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Engima machine?

Discussion in 'The Secret War: Resistance and Espionage During WW' started by Buford, Oct 21, 2007.

  1. Buford

    Buford New Member

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    I have heard that the Enigma machine was actually susbequently recycled and used by the CIA....is this true?
     
  2. RustySword

    RustySword New Member

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    Hm... This would be interesting to find out.
     
  3. dfisher

    dfisher New Member

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    I read that somewhere too.
    I also read a great novel about the Enigma, and the UK codebreakers, by Robert Harris (one of the finest novel writers about) simply called "Enigma". Well worth a read, as is all his other novels.

    Back to the CIA - they had lots of murky dealings with Germany in the late 1940s / Early 1950s - wouldn't surprise me if they got their hands on Enigma.
     
  4. Cabel1960

    Cabel1960 recruit

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    If this is the case, then you can have a safe bet that somewhere someone is decoding what the CIA are plotting. :silly:
     
  5. r2b2ct

    r2b2ct New Member

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    I have actually done a bit of reading a while ago about the enigma machine and I do not remember very much about the CIA possibly getting their hands on it. Interesting theory though.
     
  6. Spitfire XIV-E

    Spitfire XIV-E New Member

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    One thing I do know is that once the US was on the verge of war in 1941, they sent some of their top Code Breakers to work at Bletchley Park (Station X) alongside their British Counterparts. Whether the Americans took any of the captured Enigma Machines away to examine is pure speculation but I wouldn't bet against it because a lot of captured Axis technology headed back across the Atlantic both during and after the war.
     
  7. Jim

    Jim New Member

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    Aye along with all the Scientist ... :happy:
     
  8. Dave War44

    Dave War44 Member

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    Not forgetting that Moscow also got its fair share of German brains and hardware. The scientists behind the "space race" for example were mostly Germans, on both the American and Soviet sides.
     
  9. wallstreeterww

    wallstreeterww New Member

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    If the Cia got its hands on the machine then we probably will not know about it for a while. They have a limited accountability to the public and to congress. They can always classify it under national security:).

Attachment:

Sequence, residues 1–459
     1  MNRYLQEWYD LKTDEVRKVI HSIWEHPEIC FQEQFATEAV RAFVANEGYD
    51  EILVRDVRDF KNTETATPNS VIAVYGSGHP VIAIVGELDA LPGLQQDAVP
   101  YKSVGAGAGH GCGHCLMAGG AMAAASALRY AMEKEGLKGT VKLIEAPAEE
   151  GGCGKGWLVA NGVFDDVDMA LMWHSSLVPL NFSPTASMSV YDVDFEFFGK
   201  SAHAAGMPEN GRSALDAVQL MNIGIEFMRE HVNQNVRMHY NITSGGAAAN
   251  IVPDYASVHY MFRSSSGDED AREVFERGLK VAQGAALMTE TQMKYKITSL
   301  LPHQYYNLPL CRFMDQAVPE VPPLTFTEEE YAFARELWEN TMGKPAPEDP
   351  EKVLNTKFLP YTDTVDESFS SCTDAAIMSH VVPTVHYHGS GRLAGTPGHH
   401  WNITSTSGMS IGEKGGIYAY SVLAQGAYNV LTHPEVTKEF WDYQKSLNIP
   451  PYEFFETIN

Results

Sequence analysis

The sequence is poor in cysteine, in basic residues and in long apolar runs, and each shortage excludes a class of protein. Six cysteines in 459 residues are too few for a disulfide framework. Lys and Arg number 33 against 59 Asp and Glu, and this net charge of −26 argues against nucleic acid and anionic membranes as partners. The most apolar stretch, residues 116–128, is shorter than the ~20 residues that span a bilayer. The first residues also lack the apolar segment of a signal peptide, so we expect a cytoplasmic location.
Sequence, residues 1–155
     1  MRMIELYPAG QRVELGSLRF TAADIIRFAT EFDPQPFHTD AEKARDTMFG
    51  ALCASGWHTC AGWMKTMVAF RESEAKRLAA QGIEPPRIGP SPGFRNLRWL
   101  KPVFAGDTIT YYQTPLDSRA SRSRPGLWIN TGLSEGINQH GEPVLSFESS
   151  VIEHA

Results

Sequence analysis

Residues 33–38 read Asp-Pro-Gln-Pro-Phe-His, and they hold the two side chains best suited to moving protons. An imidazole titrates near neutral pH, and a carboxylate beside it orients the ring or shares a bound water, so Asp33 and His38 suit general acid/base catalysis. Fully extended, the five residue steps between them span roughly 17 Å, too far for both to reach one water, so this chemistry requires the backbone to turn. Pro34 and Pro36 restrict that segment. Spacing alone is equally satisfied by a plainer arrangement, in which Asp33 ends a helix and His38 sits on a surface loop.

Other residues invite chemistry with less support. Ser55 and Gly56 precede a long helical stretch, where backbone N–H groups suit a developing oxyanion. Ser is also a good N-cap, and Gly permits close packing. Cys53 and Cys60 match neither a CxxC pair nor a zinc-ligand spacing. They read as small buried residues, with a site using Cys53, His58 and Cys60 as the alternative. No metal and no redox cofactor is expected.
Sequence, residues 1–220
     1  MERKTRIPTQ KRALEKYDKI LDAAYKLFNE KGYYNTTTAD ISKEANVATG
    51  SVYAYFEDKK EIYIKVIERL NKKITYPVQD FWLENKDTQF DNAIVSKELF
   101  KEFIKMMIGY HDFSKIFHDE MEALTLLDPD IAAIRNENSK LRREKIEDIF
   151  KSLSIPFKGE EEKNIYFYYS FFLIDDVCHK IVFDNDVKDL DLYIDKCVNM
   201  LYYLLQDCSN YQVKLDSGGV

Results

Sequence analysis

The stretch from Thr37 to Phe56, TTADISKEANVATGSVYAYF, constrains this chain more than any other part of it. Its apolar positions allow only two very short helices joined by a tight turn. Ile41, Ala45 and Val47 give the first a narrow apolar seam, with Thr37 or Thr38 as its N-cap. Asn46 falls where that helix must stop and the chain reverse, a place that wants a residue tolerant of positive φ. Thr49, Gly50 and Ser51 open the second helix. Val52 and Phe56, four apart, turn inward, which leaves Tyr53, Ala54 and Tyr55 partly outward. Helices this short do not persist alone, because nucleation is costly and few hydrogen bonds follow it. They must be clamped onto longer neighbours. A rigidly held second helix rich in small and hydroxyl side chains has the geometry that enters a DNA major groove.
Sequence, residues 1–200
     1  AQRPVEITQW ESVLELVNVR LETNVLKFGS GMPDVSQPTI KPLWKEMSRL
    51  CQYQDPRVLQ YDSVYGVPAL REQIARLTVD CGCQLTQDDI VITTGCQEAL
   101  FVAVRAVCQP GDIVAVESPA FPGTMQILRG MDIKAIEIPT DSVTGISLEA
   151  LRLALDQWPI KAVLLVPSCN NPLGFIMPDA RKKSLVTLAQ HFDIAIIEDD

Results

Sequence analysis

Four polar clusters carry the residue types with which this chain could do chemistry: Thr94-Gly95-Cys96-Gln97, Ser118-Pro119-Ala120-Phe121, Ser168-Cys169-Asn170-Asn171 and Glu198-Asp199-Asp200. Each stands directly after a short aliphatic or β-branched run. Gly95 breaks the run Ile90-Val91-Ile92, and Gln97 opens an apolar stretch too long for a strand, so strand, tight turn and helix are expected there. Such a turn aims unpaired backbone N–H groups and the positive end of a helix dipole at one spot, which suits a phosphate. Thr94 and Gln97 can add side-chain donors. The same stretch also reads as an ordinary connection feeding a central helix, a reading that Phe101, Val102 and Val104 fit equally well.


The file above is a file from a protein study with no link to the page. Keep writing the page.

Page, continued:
10. Jim

    Jim New Member

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    Serious thou, wouldn't todays equipment be much better than the Enigma machine, after all it was cracked by coders during WWII .. :wtf:
     
  11. Spitfire XIV-E

    Spitfire XIV-E New Member

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    I think today encryption technology has moved on leaps & bounds. Enigma's main weakness was that it could be broken once the code breakers established a pattern. Sometimes it was hard to break in to, other times they could get in quite easily. The Naval (Shark) Code was the hardest to break, especially after a 4th rotor was added to the machine to increase the number of possible permutations. However with the help of a brilliant Post Office Engineer called Tommy Flowers, The Colossus Machine was designed and built to help break the enigma code more quickly. Colossus was the world's first programmable computer and although it only had the computing capacity of a pocket calculator it was a revolution in number crunching.
     
  12. Jim

    Jim New Member

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    Interesting to hear Spitfire that the capacity was that of a pocket calculator when here you can see the actual machine is as its name says, Colossus compared to the calculator. :happy:

    Colossus in the Newmanry at Bletchley Park. This was the tenth Colossus to be installed at Bletchley.​


    [​IMG]
     

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